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Re: [Debconf-team] Report from the talks team

also sprach Ana Guerrero Lopez <ana@debian.org> [2014-09-16 22:19 +0200]:
> * We must find a way to make submitters to make better talks
> descriptions. Bad or incomplete talks description made to waste
> a lot of time to both the talks team and attendees.

Yeah, I can see this very well. We should make sure that people put
at least as much time into making a submission as it takes us to
evaluate it.

Some additional ideas to make our job easier might include:

  - Ask participants to provide links to previous events or videos,
    allowing us to evaluate the quality of the speaker. Note that
    I am not talking about witty audience magnets only, and I have
    seen fantastic(ally prepared) speakers who presented in their
    !first language and didn't have perfect slides.

  - We have not really been collecting feedback on speakers, but
    starting this for DC15 would probably make things easier in the

  - If we decide to introduce other talks formats, then we should
    not be afraid to suggest to people that their event should be
    resubmitted for a different format, e.g. a shorter slot, or
    a workshop etc.

> * Publishing the list of accepted talks ahead and taking the time
> to schedule seems to be a good idea. There are plenty of people
> making travel plans at the last minute and allows last minute
> additions.

It'll also attract people to the conference.

> * To take better advantage of Summit's interface, probably we
> should provide the list of talks still without scheduling, and
> wait for people to fill in their talk interests and use this data
> for better scheduling.

This will be hard to present in a tangible way. But I could imagine
having a page for the different tracks, and listing the talks for
each track.

Yes, having attendee "stars" in summit might well allow us to
semi-automate the scheduling, at least let an algorithm do the first
version for fine-tuning by hand.

> * Doing the talks selection off-line without having to rely in the
> web interface but still with all the data about the talk, seemed
> to work fine. But we might want to study betters way to implement
> this that a big CSV dump.

For bursaries, we had a simple interface allowing us to vote on each
participant with between -3 and +3 points. This would be trivial to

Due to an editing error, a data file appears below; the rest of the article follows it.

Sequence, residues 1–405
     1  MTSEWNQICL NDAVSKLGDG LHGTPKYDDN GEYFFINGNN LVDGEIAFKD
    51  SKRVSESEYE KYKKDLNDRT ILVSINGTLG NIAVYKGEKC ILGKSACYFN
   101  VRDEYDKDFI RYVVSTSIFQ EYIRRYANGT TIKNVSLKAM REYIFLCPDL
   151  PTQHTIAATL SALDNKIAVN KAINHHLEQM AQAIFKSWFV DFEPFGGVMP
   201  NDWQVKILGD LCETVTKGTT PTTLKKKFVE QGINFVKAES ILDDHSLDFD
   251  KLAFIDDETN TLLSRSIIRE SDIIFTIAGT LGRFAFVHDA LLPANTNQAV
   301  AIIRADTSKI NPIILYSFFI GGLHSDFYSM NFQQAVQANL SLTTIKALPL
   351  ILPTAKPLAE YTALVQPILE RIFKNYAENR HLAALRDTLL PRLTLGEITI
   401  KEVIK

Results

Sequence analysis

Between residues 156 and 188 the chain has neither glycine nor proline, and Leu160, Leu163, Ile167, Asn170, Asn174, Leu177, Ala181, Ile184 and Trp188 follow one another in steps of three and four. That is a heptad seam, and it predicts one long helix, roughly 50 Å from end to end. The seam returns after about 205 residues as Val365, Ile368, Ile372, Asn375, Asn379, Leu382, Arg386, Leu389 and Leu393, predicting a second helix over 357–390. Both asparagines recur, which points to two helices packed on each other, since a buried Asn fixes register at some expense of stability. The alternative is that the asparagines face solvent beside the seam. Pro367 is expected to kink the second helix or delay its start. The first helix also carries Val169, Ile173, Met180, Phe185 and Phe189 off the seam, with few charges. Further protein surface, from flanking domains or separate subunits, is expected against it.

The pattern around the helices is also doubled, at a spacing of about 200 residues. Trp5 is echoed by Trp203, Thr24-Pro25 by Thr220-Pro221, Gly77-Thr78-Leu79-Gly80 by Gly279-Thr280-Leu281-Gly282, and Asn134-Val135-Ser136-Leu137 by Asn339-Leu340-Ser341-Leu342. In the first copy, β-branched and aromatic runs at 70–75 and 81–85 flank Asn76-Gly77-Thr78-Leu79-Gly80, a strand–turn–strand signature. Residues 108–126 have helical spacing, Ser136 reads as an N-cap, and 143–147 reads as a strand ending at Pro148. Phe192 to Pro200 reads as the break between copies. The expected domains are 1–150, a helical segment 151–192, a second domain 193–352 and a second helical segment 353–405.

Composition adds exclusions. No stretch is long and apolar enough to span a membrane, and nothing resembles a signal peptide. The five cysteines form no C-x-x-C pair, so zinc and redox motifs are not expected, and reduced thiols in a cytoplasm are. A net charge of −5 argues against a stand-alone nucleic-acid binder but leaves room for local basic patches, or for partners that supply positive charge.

do for events too, I guess.

The actual scheduling would be best done with drag-n-drop, I feel,
but someone will need to implement this on top of Summit. No idea
how hard this is going to be, but it doesn't sound easy.

> * We don't know if accepting some talks ahead was good for
> encouraging events submission or not, but it created some buzz
> around the conference. It also makes some of us wonder if there
> was a skew of the criteria used to select the talks accepted
> before the deadline and if this was a sensible bias or not.

I think it was great and the buzz is good.

I do not understand your second sentence. Could you please

> * When scheduling tracks we need to know what's the best temporal organization:
> - the "intensive day" approach
> - the "repeated theme" approach through the full conference
> - or just making sure the associated talks do not run concurrently.
> Having a designated coordinator for any given track can help us
> make the relevant decision for future conferences.

I think the intensive day approach is going to be too intense, and
we also risk conflicting between tracks in general, i.e. some people
might want to go to "Debian Culture" and "Cloud Computing", which
just happen to be on the same day, so multiple conflicts are
preprogrammed that way.

A track coordinator is a good idea and could even help with
talk selection up front!

But in general, I think it might be better to just schedule
chaotically, ideally based on attendee feedback to minimise
conflicts for those who participate.

> * Some of us wondered if the tracks should not have been presented
> for people to choose from during event submission, or if they
> were, they need to be clearly marked as "optional" or "any" --
> when we added tracks partway through the conference, we should
> have been able to try to group the tracks later.

My personal thought: it was a nuisance to figure out which track is
best, and none of my submissions really fit anywhere.

So I think we have to chose either to have a pre-defined set of
tracks (with a coordinator knowledgeable in the field) for each,
and then be strict about it… (this can help guide people's decisions
on what to submit)

… or just accept it all and see if we can create any tracks after
selecting the talks we want.

We do not *need* the concept of tracks at all.

> Another possibility would have been encouraging people to type in
> 3 or 4 keywords about their proposal to make it possible to have
> a tag cloud that would "bubble up" ideas for possible new tracks.

Nice idea!

 .''`.   martin f. krafft <madduck@debconf.org> @martinkrafft
: :'  :  DebConf orga team
`. `'`
  `-  DebConf14: Portland, OR, USA:   http://debconf14.debconf.org
      DebConf15: Heidelberg, Germany: http://debconf15.debconf.org

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